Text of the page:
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Neurophysiological characteristics of apathy in Parkinson's disease Zhu, Maria Jianrong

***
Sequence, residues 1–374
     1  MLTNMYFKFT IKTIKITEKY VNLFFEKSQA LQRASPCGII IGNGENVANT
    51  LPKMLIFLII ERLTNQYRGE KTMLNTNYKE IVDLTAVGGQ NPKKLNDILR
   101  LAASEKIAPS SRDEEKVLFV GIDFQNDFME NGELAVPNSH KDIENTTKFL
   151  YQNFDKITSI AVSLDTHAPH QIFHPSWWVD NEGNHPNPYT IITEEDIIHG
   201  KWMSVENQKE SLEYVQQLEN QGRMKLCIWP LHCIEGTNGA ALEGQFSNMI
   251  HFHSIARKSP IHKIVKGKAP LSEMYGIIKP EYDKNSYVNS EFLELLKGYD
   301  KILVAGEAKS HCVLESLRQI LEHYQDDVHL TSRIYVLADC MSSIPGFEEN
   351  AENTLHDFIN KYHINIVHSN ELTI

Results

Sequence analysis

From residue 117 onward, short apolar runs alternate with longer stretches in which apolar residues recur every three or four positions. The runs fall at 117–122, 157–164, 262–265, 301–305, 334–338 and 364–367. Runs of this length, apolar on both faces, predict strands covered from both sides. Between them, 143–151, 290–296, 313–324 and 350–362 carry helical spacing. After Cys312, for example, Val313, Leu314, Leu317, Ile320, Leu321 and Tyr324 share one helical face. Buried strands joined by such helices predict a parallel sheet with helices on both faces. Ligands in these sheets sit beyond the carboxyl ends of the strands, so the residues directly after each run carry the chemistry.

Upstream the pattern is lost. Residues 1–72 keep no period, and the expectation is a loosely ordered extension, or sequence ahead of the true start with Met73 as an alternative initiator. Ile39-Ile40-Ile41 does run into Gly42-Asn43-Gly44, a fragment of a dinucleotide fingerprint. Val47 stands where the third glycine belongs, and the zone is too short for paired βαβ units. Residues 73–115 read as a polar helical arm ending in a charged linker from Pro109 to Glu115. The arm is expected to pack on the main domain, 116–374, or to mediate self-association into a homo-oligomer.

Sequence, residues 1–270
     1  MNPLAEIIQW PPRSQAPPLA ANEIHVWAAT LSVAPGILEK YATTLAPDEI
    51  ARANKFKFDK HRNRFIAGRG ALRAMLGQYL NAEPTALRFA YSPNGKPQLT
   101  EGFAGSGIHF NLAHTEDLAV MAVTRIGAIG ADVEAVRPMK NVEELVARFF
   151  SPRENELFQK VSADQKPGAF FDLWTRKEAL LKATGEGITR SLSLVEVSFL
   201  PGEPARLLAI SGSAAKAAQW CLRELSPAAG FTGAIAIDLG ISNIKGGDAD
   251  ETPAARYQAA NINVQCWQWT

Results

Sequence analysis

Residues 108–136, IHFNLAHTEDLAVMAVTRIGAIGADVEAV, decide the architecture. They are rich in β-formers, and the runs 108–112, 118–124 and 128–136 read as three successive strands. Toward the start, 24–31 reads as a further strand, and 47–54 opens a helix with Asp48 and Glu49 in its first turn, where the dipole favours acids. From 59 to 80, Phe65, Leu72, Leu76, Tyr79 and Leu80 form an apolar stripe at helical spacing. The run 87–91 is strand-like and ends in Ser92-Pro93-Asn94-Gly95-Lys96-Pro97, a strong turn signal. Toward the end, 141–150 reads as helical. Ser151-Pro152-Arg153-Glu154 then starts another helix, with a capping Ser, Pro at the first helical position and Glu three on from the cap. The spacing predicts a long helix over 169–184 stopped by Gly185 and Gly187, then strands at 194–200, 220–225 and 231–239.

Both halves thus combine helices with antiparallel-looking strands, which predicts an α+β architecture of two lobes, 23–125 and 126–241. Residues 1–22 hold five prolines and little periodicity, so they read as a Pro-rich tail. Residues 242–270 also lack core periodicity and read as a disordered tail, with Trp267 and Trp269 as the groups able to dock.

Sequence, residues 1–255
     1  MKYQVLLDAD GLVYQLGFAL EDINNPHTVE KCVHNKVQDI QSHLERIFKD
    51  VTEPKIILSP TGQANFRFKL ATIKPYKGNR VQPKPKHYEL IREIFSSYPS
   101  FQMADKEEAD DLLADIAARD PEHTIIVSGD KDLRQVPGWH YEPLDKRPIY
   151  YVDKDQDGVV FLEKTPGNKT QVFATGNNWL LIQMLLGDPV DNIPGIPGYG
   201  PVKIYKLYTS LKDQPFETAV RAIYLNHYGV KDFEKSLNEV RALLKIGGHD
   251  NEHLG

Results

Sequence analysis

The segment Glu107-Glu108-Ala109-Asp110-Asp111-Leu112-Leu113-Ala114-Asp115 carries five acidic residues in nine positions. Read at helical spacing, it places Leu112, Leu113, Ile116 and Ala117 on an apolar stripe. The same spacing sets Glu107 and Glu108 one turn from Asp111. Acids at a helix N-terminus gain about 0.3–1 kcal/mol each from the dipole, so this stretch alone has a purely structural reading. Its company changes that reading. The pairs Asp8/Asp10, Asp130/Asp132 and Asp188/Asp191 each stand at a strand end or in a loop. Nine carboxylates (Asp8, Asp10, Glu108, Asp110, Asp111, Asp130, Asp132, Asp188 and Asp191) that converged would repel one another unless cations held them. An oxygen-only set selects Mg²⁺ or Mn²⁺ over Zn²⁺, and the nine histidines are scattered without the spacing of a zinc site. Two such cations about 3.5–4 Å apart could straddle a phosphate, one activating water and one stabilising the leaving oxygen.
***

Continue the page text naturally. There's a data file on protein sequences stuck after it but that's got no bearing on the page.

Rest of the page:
Apathy in Parkinson’s disease (PD) is often resistant to therapy, difficult to quantify and poorly understood. It is commonly characterized by a lack of motivation and emotional blunting. Neural responses recorded using electroencephalography (EEG), such as neural oscillations and event-related potentials (ERPs), are often associated with motivated behaviour and emotion processing, but few studies have examined how these characteristics are affected in apathetic PD patients. To examine the behavioural and neural oscillatory characteristics of motivated movement in apathetic PD patients, we used an incentivized motor task, in which subjects could win money based on the amount of effort they produced on a hand grip. We demonstrated that PD patients with lower apathy scores could modulate their effort production to increasing rewards, whereas patients with more severe apathy could not. EEG results showed that apathetic PD patients exhibited a higher resting power in the alpha and theta frequency bands compared to non-apathetic PD subjects and healthy subjects. Furthermore, there was a significant correlation between absolute resting alpha power and relative alpha power during squeezing. These two factors were able to predict patient apathy scores, irrespective of age or disease severity. The same was true for absolute resting theta power and relative theta power during squeezing. To explore emotion processing in PD, we investigated ERPs from EEG recordings as subjects viewed emotionally evocative visual stimuli. We employed a data-driven approach to separate unique ERP time courses from one another called multiset canonical correlation analysis (MCCA). Results showed that the late positive potential (LPP), an ERP that responds to emotional stimuli, had a blunted amplitude in response to negative visual stimuli compared to healthy subjects. Interestingly, there was also a greater centro-parietal topographical representation of the LPP in PD subjects compared to healthy subjects, suggesting the presence of potential compensatory mechanisms for blunted neural reactivity to emotional stimuli in PD patients. This work lays the foundation for further understanding apathy and provides a quantitative test to measure apathy in people living with Parkinson’s.  

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